Throughout the world and in Minnesota, access to housing is recognized as a fundamental human right. The Universal Declaration of Human Rights, adopted by the United Nations General Assembly in 1948, states, “Everyone has the right to a standard of living … including food, clothing, housing and medical care” (1). The Fourth Amendment to the U.S. Constitution explicitly protects rights within the context of the home, including protection against unreasonable search and seizure. Minnesota’s “Castle Law” (Minn. Stat. § 609.065) provides an affirmative defense for taking a life if one is “preventing the commission of a felony in the actor’s place of abode” (Office of the Revisor). These laws illustrate that a person’s home is a critical element in defining their rights under the law.
Some jurisdictions already have established a right to counsel in civil housing cases. In March of 2012, San Francisco passed an ordinance creating a one-year pilot program that would provide free counsel to poor persons whose case touches on basic needs such as housing, safety or child custody (San Francisco). The Philadelphia Bar Association’s Board of Governors endorsed similar programs that highlight the need for counsel on issues of basic needs, including eviction, foreclosure, and custody (2).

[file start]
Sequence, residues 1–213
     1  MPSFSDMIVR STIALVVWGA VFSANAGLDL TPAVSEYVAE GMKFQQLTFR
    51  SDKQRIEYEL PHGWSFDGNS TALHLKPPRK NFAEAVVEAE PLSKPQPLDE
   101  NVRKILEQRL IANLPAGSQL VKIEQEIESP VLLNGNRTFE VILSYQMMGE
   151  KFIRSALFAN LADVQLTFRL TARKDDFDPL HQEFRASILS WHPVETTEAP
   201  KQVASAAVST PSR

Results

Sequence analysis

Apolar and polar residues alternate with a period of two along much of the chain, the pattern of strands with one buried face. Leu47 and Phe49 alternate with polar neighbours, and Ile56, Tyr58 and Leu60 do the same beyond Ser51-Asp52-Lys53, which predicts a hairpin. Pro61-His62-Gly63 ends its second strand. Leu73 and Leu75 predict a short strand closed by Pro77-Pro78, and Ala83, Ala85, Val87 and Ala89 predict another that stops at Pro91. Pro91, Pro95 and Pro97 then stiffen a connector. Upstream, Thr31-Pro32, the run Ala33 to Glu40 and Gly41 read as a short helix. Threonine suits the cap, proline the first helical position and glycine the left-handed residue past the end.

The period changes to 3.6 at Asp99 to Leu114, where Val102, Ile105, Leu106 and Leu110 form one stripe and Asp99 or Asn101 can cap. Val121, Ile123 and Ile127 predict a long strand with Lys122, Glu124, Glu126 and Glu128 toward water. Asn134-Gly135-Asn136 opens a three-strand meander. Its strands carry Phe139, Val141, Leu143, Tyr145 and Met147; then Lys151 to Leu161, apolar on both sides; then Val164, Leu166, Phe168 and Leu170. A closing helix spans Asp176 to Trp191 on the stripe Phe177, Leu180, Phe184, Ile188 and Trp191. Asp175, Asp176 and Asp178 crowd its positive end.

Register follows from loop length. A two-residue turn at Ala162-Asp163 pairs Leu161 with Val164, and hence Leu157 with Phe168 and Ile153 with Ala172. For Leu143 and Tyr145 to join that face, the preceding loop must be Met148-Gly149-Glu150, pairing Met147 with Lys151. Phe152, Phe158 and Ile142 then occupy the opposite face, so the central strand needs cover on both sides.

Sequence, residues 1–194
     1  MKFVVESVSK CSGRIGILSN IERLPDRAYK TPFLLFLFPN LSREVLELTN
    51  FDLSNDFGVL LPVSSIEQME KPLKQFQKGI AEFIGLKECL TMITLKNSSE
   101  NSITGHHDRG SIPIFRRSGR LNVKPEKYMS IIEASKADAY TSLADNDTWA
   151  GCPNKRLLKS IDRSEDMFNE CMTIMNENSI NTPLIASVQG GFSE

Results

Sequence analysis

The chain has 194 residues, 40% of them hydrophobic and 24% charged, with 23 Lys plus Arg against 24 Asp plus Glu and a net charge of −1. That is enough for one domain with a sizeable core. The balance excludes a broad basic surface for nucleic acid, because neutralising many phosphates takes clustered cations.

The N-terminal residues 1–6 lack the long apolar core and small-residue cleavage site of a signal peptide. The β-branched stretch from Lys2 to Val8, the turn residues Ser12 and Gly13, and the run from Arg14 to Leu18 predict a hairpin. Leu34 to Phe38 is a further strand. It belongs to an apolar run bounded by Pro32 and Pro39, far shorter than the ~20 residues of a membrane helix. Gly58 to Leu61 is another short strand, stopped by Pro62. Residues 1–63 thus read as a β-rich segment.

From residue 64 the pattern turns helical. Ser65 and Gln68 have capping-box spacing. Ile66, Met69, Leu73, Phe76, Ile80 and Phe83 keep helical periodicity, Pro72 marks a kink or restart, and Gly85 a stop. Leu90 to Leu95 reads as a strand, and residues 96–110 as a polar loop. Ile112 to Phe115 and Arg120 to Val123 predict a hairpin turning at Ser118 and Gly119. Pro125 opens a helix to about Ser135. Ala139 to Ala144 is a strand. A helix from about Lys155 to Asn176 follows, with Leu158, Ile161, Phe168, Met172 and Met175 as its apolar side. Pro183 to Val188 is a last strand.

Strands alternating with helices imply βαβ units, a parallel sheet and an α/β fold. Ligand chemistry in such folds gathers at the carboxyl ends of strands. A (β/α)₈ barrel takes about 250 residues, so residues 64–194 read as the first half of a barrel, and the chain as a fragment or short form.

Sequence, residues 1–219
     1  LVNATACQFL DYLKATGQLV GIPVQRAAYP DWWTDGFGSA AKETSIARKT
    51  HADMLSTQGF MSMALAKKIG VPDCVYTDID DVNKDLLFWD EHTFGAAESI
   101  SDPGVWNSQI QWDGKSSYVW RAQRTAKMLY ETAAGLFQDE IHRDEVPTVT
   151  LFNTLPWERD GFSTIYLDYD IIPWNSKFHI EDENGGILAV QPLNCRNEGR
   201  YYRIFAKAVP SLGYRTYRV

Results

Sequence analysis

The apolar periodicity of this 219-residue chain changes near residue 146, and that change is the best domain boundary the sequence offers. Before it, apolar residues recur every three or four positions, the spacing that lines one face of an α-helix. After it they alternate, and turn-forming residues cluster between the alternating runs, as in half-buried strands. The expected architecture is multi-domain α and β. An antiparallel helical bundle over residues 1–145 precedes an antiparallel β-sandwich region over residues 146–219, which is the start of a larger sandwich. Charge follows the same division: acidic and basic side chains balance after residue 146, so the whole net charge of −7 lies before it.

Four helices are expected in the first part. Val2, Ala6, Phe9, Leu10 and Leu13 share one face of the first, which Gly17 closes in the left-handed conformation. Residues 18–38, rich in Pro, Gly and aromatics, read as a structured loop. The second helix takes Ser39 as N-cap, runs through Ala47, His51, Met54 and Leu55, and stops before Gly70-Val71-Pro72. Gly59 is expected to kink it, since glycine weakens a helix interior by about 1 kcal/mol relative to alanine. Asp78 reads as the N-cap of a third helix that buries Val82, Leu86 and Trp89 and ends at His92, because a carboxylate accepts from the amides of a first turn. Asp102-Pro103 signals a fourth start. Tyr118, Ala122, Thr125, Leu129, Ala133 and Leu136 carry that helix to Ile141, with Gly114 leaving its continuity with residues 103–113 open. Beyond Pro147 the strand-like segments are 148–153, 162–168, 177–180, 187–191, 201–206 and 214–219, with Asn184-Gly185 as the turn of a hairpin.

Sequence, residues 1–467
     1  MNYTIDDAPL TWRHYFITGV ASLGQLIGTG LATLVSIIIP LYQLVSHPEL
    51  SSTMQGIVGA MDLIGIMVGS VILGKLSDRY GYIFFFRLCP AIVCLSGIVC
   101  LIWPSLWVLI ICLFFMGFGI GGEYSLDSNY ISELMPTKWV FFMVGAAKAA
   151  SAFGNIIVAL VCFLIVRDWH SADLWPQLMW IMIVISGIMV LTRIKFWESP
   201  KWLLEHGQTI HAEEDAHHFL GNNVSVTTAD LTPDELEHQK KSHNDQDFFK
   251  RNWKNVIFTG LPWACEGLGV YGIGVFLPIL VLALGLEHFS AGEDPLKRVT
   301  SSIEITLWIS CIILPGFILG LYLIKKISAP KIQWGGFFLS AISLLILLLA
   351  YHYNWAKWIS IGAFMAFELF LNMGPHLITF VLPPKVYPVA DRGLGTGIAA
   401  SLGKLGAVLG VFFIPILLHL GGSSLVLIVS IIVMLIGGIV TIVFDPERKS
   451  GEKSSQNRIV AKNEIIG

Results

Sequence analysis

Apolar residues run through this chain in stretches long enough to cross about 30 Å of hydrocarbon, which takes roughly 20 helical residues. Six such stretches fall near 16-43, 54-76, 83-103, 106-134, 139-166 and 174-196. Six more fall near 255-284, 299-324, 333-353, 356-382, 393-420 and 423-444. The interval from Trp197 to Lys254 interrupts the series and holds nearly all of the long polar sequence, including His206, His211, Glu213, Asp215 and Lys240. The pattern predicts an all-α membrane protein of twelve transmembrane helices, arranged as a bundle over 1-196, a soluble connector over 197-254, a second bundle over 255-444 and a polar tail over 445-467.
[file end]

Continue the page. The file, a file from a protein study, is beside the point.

The most fundamental part of our legal system is its ability to change. The Fourteenth Amendment, ratified in 1868, guarantees that everyone be afforded equal protection under the law. It was not until Gideon v. Wainwright, nearly 100 years later, that these rights were extended to criminal defendants. While Gideon v. Wainwright deals strictly with criminal cases, the spirit of the amendment is that justice is practiced equally, without respect to race, poverty or other bias. Extending the concept of equality in justice for civil cases involving fundamental rights is an evolution of that law.
Public opinion supports the idea of civil Gideon. A nationwide survey involving 1200 adults studied public attitudes toward legal aid. That survey found that 89 percent of Americans agree that legal help for civil matters should be provided for low income people (Belden). In California, a similar study asked respondents if poor people were afforded free representation in civil matters. Seventy-nine percent believed, incorrectly, that a right to counsel already existed (California). These results suggest there is popular support for the concept of equal justice for the poor. The Belden study also found that promoting the idea of equal access to rights regardless of income was a “most compelling” message that resonated across a broad range of political and demographic groups.